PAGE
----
In the conclusion I would like to mention, from the beginning of the crisis, the state officials, the city officials, and also most importantly, the general public helped in solving the problem. If they showed much resistance when there were budget cuts and welfare cuts, the city would be lost by now. It is true that they protested, but it seems like they understood the situation and in my opinion, they did not take those protests to a drastic level.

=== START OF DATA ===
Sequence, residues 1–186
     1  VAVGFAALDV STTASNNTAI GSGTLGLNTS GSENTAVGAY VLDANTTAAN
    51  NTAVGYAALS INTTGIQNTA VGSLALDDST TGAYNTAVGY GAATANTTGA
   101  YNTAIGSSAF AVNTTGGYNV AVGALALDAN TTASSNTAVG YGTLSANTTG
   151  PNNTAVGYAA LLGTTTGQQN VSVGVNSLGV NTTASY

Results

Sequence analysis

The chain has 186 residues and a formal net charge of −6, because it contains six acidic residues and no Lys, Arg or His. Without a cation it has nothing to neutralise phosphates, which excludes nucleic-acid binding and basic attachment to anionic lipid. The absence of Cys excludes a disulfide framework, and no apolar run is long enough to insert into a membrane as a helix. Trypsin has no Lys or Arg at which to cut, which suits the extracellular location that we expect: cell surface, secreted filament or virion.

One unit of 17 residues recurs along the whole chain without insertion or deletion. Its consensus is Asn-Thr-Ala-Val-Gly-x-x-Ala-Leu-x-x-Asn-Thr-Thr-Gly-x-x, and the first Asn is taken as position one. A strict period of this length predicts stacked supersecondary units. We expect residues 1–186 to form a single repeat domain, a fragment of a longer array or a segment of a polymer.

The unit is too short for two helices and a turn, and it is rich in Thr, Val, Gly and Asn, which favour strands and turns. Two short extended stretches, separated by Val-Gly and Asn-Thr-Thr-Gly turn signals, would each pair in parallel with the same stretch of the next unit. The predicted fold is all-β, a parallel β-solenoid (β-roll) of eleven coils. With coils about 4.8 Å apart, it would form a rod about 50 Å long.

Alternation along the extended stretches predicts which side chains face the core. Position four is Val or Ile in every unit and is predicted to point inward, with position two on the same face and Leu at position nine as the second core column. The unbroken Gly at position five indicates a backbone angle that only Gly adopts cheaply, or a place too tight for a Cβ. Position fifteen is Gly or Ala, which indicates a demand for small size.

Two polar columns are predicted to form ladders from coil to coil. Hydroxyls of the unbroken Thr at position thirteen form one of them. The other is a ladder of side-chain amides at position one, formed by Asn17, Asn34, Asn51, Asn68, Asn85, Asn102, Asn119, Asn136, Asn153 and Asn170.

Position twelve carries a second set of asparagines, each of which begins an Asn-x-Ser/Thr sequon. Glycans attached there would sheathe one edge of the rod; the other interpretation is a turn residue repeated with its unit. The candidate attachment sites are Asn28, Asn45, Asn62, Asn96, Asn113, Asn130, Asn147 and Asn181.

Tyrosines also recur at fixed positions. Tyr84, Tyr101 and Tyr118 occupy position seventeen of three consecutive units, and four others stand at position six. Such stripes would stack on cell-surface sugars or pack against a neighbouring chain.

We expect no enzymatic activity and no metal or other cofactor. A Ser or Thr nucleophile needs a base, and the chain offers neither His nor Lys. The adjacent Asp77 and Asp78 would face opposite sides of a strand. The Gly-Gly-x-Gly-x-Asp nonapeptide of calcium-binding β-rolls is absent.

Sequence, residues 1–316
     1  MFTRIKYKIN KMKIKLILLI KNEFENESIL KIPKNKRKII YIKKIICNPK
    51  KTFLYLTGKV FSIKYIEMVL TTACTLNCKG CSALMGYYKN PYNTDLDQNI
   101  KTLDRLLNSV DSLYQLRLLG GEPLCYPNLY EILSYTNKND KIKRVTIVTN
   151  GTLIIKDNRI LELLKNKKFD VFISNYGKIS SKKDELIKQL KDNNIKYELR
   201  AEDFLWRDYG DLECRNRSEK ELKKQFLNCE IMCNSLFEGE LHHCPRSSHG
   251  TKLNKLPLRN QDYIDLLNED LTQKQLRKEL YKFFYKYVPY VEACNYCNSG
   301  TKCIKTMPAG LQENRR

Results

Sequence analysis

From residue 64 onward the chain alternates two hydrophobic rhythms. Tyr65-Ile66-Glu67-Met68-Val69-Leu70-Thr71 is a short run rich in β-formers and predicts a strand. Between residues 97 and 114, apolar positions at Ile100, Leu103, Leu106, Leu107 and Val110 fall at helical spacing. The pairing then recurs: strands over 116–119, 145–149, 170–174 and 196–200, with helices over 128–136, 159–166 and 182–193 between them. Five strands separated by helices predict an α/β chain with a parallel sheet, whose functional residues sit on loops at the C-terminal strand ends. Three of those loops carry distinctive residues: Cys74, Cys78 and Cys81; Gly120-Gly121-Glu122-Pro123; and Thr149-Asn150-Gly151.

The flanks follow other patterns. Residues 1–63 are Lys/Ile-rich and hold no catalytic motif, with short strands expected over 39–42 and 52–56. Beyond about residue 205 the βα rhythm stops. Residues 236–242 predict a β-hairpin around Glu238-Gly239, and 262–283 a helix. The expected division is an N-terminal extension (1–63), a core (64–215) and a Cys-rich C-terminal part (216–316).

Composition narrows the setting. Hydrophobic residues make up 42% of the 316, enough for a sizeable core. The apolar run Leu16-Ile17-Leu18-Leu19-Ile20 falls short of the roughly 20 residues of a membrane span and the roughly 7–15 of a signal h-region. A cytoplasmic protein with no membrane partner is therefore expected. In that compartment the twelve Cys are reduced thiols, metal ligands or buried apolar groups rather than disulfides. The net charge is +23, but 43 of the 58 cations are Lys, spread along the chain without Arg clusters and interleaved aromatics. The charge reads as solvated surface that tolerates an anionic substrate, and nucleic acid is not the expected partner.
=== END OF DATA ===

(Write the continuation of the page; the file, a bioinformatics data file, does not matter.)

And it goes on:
In addition to that, this crisis was the main reason for the massive development in the city. Because of this crisis, the extensive expenses of the city were reduced thereby led to saving more money for development projects. The creation of the Emergency Financial Control Board also helped the city a lot. Though they did not impose a control period on the city, I believe that it was because of them that the politicians and the officials made responsible work of the city.  However, the NYC fiscal crisis made a large gap between the rich and the poor, because almost every municipal service which was free before started to charge fees. Many welfare bonuses were cut and many people lost their jobs. It is truly a dark age, probably the darkest age, in the history of New York according in my opinion.